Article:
Newest Local Wetland on the Critical List for International Biodiversity Benefits from Aboitiz Group

AEV President and CEO Erramon I. Aboitiz does his part in the conservation of LPPCHEA, a critical urban wetland that is home to endemic plants and about 84 species of birds

The Las Pinas-Paranaque Critical Habitat and Ecotourism Area (LPPCHEA), the latest site in the Philippines to become part of the Ramsar List of Wetlands of International Importance, was among the 16 locations of the simultaneous tree-planting activity of the Aboitiz Group of Companies last Saturday.

The list is the flagship project of the Ramsar Convention, which was signed in 1971 in Ramsar, Iran, is an intergovernmental treaty on the conservation and sustainable use of natural resources. The Philippines joined the convention in 1994, and six local wetlands have already been included in the list.

Being on the Ramsar List is a testament to the importance of LPPCHEA to preserving global biological diversity and sustaining human life, as it is part of an international network of wetlands that are critical to maintaining a healthy and balanced ecosystem.

“Given the impact that such a small patch of land has on the planet, our sense of responsibility as its caretakers and the consequence of this effort become even more critical,” points our Aboitiz Equity Ventures Inc. President and Chief Executive Officer Erramon I. Aboitiz.

LPPCHEA, a 175-hectare protected wetland located along the western side of Aguinaldo Highway (Coastal Road) and bounded on the North and South by the Paranaque and Las Pinas Rivers, respectively, is also the home of the only urban bird sanctuary in the Philippines.

About 5,000 individual birds have been recorded at the site. Of the estimated 84 species, about 47 are migratory, coasting the East Asian-Australasian flyway to flee the harsh Russian winter for the warm Australian summer.

Under Presidential Proclamation No. 1412 of 2007, LPPCHEA also became the country’s first critical habitat, an area that is designated to the conservation of threatened and endangered species. The area covers two islands, Freedom Island and Long Island, with mudflats, and about 30 hectares of dense mangrove forests.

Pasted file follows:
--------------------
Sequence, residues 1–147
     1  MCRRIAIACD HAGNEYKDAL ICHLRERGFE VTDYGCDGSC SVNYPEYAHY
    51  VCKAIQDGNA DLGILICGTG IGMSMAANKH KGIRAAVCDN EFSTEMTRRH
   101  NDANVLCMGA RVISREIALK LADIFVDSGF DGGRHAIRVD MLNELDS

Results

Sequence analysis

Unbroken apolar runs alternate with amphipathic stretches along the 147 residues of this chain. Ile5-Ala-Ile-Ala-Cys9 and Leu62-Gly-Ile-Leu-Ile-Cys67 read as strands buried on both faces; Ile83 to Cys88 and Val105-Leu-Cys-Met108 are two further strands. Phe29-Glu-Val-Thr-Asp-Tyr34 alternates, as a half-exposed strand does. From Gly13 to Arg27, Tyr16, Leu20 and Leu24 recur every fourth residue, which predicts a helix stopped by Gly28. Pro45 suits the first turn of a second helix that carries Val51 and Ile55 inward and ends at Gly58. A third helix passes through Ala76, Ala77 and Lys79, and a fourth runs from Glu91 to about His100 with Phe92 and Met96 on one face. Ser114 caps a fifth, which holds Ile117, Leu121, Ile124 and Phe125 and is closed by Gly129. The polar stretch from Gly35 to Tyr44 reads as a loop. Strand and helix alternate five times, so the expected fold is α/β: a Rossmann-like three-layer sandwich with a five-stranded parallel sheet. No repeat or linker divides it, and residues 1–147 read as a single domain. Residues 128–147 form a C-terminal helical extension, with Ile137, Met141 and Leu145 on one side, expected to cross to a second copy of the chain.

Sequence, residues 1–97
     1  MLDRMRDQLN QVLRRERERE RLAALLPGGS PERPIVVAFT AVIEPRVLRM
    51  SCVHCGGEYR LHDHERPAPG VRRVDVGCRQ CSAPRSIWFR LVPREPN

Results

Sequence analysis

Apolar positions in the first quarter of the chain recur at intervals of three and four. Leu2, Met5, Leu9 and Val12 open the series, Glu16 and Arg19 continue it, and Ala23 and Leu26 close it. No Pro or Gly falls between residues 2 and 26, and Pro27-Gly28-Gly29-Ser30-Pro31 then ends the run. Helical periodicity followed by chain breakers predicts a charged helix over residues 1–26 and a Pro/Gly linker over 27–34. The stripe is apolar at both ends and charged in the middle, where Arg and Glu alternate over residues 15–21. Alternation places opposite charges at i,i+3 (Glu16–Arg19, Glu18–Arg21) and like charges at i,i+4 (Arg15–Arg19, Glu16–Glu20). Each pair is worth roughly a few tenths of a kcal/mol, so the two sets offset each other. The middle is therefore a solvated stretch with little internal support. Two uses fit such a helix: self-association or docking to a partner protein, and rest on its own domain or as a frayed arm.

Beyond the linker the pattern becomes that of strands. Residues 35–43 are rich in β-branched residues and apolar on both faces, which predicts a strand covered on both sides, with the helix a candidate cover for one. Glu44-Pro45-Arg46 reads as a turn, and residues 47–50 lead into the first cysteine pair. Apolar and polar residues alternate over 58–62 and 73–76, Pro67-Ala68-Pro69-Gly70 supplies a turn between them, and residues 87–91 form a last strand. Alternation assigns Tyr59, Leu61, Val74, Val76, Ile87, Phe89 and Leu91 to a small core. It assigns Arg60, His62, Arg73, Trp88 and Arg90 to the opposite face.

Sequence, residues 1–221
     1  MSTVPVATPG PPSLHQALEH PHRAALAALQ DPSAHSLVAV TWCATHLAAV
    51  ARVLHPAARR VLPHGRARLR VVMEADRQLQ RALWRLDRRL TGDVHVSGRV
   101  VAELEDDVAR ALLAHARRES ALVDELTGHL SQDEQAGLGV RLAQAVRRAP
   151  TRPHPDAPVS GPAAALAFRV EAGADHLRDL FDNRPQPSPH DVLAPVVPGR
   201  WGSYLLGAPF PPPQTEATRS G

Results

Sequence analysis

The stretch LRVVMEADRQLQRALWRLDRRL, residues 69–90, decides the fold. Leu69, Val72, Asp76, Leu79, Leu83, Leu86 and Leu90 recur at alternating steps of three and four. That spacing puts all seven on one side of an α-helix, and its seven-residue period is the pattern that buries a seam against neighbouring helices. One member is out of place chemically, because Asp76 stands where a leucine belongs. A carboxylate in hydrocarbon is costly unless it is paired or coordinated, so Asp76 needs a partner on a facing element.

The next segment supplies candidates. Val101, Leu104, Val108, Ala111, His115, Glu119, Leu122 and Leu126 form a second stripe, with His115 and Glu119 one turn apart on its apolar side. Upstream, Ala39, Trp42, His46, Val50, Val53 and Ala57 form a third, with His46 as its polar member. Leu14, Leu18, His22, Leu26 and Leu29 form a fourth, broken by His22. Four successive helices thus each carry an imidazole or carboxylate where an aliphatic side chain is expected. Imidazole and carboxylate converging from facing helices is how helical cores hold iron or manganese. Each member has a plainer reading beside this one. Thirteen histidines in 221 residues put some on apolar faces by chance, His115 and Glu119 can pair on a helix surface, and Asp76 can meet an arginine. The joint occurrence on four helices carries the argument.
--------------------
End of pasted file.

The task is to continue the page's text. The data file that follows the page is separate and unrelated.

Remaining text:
“Choosing the right places where we plant trees is just as important as hitting our targeted number of trees,” added Mr. Aboitiz.

The tree-planting activity is part of the Aboitiz Group’s flagship sustainability project, Aboitiz Passion for Agroforest and Reforest to Keep (APARK). APARK aims to plant 3 million trees by 2015, and as of last
year, 2.7 million trees have already been planted. The Aboitiz Group is confident that they will hit the target by the end of this year, two years ahead of schedule.

Mr. Aboitiz pointed out that the reforestation effort ultimately addresses the pressing issue of climate change. APARK reinforces a responsible mindset among the Aboitiz Group employees, reminding them that everyone has a role to play in taking care of the environment.

Close to 3,000 employees from across 24 business units sacrificed personal time to contribute to the group-wide environmental initiative. Saplings of endemic trees agoho, talisay, and bitaog trees were planted in LPPCHEA and the other locations selected by the Aboitiz Group for the activity.

The other areas are Makban, Laguna; Tiwi, Albay; Guba, Cobcawa, Cebu; Marilog District, Talomo, and Marilog, Davao; Dimpatoy Watershed, Cotabato; Ambuklao and Binga, Benguet; Magat Watershed, Ifugao; Maco, Compostela Valley; Nasipit and Capas, Tarlac; and Sta. Elena, Iligan.

Apart from tree-planting, some of the volunteers also engaged in coastal cleanup activities.

Other News